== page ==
Amid the industry opposition, the CFTC has yet to adopt the proposal. Commissioner Bart Chilton said Gensler never wavered in his support for the measure but didn’t have the votes to get it passed.

Rep. Barney Frank (Mass.), the top Democrat on the House Financial Services Committee, said it was far too early to be asking Gensler to formally step away from any investigation.

“Knowing somebody is way too broad a reason for recusal,” he said.

While some observers have criticized the close relationships between Wall Street firms such as Goldman Sachs and the regulators supposed to oversee them, Frank said someone with with no connections “might have no knowledge.”

Gensler was born in Baltimore and attended the University of Pennsylvania’s Wharton School of Business, where he earned a BS in economics and a master’s in business administration.

He joined Goldman Sachs in 1979 and stayed for 18 years before leaving for the Treasury Department during the Clinton administration. There he was assistant secretary under another Goldman alum, Secretary Robert Rubin, and later, Secretary Lawrence H. Summers.

He is also the co-author of a book called “The Great Mutual Fund Trap: How Americans Are Losing Billions to the Mutual Fund and Brokerage Industries — and How You Can Earn More with Less Risk.”

After the Clinton administration, Gensler worked as an adviser to then-Senate Banking Committee Chairman Paul Sarbanes on the Sarbanes-Oxley Act, a corporate accounting reform bill. It was his collaboration with Corzine during that time that was the basis of the reminiscence he laid out last year for the Princeton crowd:

“He offered the first bill in the Senate Banking Committee to reform accounting oversight after Enron collapsed, and he played a significant role in what later became the Sarbanes-Oxley Act,” Gensler said, according to a text of the speech on the CFTC Web site. “In fact, when the full Senate voted on the bill, if memory serves, Jon was sitting in the presiding chair and I was staffing Chairman Sarbanes on the floor.”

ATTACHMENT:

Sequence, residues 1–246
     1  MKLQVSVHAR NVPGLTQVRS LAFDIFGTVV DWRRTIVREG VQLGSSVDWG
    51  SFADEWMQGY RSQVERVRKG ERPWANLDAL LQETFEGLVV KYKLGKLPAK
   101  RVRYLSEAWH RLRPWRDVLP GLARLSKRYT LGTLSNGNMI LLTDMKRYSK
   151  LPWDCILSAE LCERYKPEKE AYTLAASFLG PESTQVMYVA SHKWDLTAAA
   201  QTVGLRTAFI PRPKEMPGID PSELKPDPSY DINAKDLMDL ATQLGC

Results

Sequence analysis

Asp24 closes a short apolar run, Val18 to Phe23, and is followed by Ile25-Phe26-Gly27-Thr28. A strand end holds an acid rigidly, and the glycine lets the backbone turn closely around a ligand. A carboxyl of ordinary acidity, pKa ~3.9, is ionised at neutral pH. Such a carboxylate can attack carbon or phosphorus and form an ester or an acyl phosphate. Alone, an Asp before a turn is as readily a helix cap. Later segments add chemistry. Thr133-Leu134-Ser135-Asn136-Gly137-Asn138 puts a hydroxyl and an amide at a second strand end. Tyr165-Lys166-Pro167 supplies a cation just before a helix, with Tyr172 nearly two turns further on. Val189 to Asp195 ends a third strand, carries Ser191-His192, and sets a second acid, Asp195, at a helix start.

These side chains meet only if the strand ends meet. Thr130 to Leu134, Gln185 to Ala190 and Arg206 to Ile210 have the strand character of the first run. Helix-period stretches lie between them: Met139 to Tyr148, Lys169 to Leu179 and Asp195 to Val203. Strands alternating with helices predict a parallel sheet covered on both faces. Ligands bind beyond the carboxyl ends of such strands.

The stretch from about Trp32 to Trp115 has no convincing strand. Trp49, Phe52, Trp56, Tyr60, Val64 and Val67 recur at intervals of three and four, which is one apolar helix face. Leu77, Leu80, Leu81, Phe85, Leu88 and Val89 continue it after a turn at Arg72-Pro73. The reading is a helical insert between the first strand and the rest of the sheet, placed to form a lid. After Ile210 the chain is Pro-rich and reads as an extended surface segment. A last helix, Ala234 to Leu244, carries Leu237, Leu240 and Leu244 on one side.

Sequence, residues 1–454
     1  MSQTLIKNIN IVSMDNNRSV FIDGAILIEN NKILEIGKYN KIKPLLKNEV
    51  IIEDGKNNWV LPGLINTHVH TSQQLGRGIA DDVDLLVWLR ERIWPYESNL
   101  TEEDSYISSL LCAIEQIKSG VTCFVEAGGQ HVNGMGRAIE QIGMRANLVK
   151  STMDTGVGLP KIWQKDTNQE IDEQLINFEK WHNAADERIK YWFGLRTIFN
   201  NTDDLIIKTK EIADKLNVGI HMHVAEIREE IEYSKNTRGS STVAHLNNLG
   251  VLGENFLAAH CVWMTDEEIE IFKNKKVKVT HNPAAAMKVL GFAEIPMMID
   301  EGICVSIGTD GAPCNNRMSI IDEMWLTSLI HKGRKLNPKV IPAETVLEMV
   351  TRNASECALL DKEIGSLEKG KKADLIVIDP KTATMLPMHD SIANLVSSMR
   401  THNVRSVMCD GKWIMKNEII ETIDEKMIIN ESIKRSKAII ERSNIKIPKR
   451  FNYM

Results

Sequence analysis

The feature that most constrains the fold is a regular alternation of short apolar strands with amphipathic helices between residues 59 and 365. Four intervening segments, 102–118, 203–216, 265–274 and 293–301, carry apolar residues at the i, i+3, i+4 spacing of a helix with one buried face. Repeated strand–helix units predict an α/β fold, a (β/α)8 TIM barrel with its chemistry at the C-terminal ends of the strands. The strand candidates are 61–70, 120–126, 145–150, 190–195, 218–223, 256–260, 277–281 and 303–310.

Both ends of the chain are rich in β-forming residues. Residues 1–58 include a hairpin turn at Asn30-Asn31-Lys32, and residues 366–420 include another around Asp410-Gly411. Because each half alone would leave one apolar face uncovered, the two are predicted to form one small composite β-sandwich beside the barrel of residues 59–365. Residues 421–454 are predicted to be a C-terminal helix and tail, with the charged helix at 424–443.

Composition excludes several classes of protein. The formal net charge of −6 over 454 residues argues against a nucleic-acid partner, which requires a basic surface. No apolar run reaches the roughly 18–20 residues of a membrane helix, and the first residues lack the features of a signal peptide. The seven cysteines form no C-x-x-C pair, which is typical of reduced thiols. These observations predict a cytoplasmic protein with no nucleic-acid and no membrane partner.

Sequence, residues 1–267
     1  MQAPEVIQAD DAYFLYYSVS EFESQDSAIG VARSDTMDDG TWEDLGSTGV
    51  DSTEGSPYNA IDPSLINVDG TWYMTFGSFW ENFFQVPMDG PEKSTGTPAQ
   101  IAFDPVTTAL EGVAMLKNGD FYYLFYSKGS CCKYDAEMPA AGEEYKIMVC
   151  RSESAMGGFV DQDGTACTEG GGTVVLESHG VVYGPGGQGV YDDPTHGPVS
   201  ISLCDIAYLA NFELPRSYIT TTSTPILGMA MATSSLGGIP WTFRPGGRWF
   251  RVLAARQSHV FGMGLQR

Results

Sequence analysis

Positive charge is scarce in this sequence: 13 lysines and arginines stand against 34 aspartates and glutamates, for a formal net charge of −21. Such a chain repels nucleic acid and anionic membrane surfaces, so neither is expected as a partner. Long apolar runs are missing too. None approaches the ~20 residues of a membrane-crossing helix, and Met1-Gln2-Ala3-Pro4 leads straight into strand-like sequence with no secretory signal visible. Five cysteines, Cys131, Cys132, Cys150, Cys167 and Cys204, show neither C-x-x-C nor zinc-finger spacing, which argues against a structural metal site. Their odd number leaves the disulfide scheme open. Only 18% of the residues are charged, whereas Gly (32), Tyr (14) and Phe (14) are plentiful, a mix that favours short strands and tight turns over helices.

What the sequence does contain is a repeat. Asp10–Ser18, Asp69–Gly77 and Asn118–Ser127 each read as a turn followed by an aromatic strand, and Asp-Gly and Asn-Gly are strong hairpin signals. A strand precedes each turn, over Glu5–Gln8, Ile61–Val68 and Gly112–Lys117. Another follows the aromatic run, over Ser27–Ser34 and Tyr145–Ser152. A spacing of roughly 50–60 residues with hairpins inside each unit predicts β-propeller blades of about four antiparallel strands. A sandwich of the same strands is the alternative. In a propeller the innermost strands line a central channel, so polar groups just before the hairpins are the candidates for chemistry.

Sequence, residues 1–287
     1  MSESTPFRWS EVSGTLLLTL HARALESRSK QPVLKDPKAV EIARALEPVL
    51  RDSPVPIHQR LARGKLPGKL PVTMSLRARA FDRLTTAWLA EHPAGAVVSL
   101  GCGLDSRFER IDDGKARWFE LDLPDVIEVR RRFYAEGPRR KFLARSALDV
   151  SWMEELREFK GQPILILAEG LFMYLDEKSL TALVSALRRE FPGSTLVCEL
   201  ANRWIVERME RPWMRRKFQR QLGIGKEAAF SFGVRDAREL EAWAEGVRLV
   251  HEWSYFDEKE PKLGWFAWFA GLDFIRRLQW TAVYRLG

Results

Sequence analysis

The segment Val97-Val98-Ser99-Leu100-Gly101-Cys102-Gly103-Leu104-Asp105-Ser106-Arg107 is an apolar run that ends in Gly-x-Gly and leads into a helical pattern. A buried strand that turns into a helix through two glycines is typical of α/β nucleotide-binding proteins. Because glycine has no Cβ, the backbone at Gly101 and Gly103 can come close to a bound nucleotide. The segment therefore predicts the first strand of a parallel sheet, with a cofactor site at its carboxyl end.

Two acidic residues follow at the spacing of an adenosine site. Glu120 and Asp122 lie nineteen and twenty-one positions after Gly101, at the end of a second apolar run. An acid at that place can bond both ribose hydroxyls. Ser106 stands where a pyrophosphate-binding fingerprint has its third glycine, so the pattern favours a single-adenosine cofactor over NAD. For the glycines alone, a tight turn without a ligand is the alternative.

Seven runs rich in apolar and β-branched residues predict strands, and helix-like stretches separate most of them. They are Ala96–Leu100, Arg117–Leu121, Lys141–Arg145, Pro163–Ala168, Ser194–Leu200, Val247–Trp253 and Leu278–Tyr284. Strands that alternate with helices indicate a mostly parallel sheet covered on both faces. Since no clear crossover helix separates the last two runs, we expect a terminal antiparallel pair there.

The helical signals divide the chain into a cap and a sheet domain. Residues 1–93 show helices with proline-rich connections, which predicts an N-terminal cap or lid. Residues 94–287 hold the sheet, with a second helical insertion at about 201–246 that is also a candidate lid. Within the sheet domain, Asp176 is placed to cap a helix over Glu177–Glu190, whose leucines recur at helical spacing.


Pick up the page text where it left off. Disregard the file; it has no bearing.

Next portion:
Gensler’s 2008 nomination to head the CFTC languished for months because some members of the Senate doubted that he would be a tough-enough regulator. At his confirmation hearing, Sen. Tom Harkin (D-Iowa) cited Gensler’s testimony years earlier in opposition to greater regulation of certain derivatives.

“Looking back now,” Gensler said, “it is clear to me that all of us that were involved at the time, and certainly myself, should have done more to protect the American public through aggressive regulation, comprehensive regulation.”

Since becoming chairman, Gensler has been criticized as being too tough.

“Of all the regulators involved in the financial reform, he’s the one the financial industry is most concerned about and the one I most often hear the phrase, ‘He may go too far,’” Frank said.

Chilton, a Democrat, said Gensler’s inside knowledge of Wall Street has been invaluable, and he said that the CFTC would be worse off if Gensler recused himself from the MF Global matter.

“I think we would miss his expertise and counsel,” Chilton said.

Peter Whoriskey is a staff writer for The Washington Post handling investigations of financial and economic topics. You can email him at peter.whoriskey@washpost.com.